Volume 61

The Extravagance of Eighth Amendment Deference

by Daniel Loehr

We live in an era of extremely long prison sentences, visibly excruciating executions, and violence-plagued prisons. We also live in an era of penological judicial restraint, which manifests through the practice of deference, wherein courts put a thumb on the scale in favor of finding laws and policies constitutional. On this basis, courts have been reluctant to use the Eighth Amendment’s ban on
cruel and usual punishments to invalidate even some of the most extreme features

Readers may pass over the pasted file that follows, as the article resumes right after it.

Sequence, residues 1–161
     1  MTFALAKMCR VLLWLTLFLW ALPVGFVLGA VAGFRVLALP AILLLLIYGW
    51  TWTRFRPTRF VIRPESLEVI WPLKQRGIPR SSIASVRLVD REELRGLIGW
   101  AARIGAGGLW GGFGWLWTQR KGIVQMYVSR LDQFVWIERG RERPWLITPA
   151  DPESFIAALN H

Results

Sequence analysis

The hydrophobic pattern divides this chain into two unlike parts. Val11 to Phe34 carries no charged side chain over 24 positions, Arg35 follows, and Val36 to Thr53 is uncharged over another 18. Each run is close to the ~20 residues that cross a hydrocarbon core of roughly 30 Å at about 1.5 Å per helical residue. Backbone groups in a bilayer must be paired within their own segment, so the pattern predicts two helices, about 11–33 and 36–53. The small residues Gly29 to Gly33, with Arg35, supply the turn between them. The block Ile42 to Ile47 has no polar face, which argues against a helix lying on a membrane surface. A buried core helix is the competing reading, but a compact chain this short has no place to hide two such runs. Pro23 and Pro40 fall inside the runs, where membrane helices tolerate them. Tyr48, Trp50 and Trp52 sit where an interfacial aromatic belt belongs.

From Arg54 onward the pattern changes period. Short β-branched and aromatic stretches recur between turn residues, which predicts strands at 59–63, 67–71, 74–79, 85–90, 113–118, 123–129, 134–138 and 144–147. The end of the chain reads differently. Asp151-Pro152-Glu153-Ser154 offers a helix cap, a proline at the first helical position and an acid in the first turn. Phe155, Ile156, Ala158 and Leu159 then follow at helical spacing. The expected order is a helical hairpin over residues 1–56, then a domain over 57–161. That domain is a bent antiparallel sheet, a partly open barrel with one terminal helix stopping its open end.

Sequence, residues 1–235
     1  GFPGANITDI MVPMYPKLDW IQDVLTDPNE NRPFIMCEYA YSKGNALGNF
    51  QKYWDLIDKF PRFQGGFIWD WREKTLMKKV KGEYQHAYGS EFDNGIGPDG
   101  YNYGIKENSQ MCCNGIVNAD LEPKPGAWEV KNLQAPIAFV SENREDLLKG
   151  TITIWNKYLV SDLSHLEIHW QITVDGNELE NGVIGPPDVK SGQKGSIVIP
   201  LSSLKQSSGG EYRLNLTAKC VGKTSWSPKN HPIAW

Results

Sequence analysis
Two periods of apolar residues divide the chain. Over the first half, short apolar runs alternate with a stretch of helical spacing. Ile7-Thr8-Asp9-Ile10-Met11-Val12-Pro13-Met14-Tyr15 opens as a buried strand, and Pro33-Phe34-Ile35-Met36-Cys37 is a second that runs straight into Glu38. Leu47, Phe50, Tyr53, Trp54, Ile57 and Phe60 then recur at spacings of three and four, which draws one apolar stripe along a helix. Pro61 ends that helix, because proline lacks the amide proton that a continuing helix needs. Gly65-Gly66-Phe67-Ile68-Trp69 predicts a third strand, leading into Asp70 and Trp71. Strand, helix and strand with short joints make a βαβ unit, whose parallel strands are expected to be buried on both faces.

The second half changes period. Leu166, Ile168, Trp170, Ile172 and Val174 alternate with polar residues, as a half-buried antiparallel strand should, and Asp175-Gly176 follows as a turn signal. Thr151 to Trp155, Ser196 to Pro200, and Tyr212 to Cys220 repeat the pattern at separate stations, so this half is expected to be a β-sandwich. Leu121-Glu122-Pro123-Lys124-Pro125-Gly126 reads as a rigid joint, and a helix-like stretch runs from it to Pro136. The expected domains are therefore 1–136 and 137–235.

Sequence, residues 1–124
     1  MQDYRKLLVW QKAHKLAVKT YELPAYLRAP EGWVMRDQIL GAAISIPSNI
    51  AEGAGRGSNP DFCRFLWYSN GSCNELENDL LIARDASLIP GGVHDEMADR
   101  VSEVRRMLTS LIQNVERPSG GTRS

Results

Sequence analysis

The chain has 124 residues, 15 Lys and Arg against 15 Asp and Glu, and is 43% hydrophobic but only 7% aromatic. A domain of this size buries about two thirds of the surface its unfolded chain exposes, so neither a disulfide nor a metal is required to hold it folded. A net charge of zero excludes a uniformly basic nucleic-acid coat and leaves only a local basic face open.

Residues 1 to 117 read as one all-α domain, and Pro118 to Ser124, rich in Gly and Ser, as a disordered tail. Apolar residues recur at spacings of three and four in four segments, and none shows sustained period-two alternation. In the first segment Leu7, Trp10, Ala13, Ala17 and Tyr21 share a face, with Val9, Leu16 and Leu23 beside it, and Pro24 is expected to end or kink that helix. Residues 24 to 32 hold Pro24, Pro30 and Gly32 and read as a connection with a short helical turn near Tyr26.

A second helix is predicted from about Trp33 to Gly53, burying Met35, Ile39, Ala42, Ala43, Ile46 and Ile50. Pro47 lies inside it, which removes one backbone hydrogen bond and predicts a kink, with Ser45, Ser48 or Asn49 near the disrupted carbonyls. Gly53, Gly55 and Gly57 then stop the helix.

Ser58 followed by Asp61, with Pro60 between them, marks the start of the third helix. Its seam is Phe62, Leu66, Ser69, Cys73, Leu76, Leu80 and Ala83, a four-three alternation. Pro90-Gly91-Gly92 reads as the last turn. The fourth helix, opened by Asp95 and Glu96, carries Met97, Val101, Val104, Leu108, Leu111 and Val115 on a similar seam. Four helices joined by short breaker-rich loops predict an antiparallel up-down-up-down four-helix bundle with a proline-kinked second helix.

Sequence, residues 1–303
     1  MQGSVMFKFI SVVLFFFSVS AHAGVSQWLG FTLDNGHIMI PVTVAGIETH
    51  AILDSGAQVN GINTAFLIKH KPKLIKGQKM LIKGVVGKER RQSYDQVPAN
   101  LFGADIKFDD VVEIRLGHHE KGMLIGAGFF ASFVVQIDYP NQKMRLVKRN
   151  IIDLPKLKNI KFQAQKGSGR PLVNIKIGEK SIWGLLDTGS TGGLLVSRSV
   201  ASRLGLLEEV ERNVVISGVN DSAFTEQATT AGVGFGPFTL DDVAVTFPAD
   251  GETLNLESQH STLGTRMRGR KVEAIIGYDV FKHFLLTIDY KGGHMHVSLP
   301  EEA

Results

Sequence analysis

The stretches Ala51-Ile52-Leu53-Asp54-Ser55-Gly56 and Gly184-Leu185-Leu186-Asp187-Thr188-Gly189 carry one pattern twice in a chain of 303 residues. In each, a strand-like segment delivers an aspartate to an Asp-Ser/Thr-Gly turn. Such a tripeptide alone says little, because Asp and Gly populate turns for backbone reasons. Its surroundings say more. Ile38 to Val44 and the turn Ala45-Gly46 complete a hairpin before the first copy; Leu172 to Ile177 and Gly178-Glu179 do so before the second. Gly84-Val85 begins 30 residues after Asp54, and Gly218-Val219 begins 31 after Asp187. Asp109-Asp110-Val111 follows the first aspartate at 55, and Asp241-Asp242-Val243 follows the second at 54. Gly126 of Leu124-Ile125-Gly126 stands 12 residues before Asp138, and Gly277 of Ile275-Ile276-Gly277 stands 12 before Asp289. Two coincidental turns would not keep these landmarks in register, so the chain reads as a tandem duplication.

of our criminal legal system.
This Article traces the profound effect of deference on the construction and application of the Eighth Amendment. To do so, this Article also assesses the meanings of cruelty and unusualness, as well as the logic of deference. What we learn from these inquiries is that deference can corrode and confuse the meaning of our rights. In the Eighth Amendment context, deference has also undermined
some of the Civil War’s fundamental legal achievements, including the ability of individuals to seek protection under federal constitutional law against state-imposed forced labor and deprivations of freedom. But deference need not corrode the Eighth Amendment in this way. A better rendering of deference, and the Eighth Amendment, is possible.


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